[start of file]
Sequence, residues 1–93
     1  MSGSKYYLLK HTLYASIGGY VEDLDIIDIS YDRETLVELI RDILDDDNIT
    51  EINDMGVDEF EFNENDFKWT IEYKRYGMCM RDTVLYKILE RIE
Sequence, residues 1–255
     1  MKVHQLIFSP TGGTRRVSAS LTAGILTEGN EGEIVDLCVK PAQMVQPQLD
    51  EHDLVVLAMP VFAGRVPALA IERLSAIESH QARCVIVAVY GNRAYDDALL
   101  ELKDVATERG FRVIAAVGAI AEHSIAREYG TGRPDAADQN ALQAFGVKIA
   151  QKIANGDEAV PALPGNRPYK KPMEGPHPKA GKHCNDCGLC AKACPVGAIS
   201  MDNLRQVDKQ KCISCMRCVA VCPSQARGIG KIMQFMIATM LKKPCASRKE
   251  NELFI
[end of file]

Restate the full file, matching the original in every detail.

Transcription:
Sequence, residues 1–93
     1  MSGSKYYLLK HTLYASIGGY VEDLDIIDIS YDRETLVELI RDILDDDNIT
    51  EINDMGVDEF EFNENDFKWT IEYKRYGMCM RDTVLYKILE RIE
Sequence, residues 1–255
     1  MKVHQLIFSP TGGTRRVSAS LTAGILTEGN EGEIVDLCVK PAQMVQPQLD
    51  EHDLVVLAMP VFAGRVPALA IERLSAIESH QARCVIVAVY GNRAYDDALL
   101  ELKDVATERG FRVIAAVGAI AEHSIAREYG TGRPDAADQN ALQAFGVKIA
   151  QKIANGDEAV PALPGNRPYK KPMEGPHPKA GKHCNDCGLC AKACPVGAIS
   201  MDNLRQVDKQ KCISCMRCVA VCPSQARGIG KIMQFMIATM LKKPCASRKE
   251  NELFI